Saturday, June 02, 2007

Someday, I will get pictures of birds again

I only had a few hours to myself today to do a nature walk.
Since gasoline is like a million dollars a gallon, I chose California Woods.
It's a small nature preserve near the Ohio River, and very quiet and I have never seen more than two people there at once.
Well, duh.
Call me snarky, but do we really need a "study" to find out the effects of deer grazing?
This area was fenced, and full of plants and flowers. The outside of the fence was thinned out.
It seems pretty straightforward to me.

There were very few flowers in bloom...the drought?
(Which ended today, thank goodness...we got a nice soaking rain)
I used the wildflower field guide from the library...If I make a mistake, please tell me:
Spider wort and green buggy
Spider wort (and a cute little green bug)
The middle of the flower has a little poof of bluish hair!
(This flower was a lot more purple than the picture looks)
Canada violet
Canada violet

Wood poppy
Wood poppy

Cute little orange and black bug
This little bug was so cute. He had an "ant" face.
Anyone miss my bird photos? Me, too.
I heard plenty, but since there really isn't an under story at
California Woods, the birds were WAY up.

Number 4 tree
A Number Four sycamore!
Demure tree
And a very demure tree, with her legs properly crossed.

My lips are sealed
The Number Four tree had this scar...looks like a lip print, doesn't it?

Anyone know if this is an egg?
Electric blue damselfly
Electric blue damselfly...I sort of know the difference between dragonflies and damselflies, but damned if I could explain why I think so.

some sort of damselfly
An all-black damselfly with a white wing spot.

And now, on the home front:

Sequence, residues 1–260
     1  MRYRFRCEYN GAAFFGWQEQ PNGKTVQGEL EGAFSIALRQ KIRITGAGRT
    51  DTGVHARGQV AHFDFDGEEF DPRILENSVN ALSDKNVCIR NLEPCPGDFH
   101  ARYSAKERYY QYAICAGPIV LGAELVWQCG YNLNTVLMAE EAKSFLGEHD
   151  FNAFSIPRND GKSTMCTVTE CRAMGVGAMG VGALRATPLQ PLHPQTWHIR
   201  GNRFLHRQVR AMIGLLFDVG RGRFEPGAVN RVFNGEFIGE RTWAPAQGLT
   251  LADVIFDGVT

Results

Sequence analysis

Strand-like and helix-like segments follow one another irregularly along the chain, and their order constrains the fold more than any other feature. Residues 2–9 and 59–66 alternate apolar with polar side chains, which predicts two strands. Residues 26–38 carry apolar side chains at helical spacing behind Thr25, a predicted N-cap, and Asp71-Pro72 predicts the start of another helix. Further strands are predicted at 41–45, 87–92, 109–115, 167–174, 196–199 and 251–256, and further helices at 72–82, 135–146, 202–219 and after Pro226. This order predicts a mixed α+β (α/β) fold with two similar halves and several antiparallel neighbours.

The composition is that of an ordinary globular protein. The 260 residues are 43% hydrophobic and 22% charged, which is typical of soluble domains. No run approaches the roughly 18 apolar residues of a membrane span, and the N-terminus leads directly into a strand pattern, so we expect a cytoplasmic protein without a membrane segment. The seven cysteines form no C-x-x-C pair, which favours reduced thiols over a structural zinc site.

Three little robins, sittin in a tree
The four robin eggs have turned into three baby robins! (and one unhatched egg)
They can't be more than a day old. How sweet!

I am so jazzed about gardening tomorrow. It's supposed to rain, but hey. Rain be damned.
I have milkweed to get into the ground, and here's why:

Wee little MONARCH caterpillar
A teeny, tiny monarch caterpillar!
I wasn't sure of what I was looking at (I have never seen them this young) so I researched and found pictures to match this sweet little guy. I knew their eggs were small, but it seems UNREAL that this tiny wormy-thing will someday be a monarch butterfly.
So little ol' me will be kneeling in the mud, planting and planning tomorrow.


LauraHinNJ said...

I'm happy you're planting milkweed; the monarchs will thank you!

I think damselflies tend to hold their winds together when perched; dragonflies keep them open. I'll see if I can find these in my field guide and come up with a name for you - they are pretty! Are they as big as they look in your pics?

LostRoses said...

Ha ha, Susan, I agree; do they think they're going to find out something different about deer grazing? I'd be "snarky" too. Loved the pictures of your walk, especially the number 4 tree!

NatureWoman said...

Ohhh, I love the teeny little monarch caterpillar! And you planting milkweed - you so rock Susan!
Yeah, I see the deer studies in my area, too. It's so freakin' obvious, I can believe people pay people to do this.
I *love* your #4 sycamore. Unfortunately #4 has a canker :( which allows fungus to enter and cause #4 to have anthracnose (early twig and leaf drop).
Sweeeeeet little robin babies, oh my. Bewd babies are so awesome.

NatureWoman said...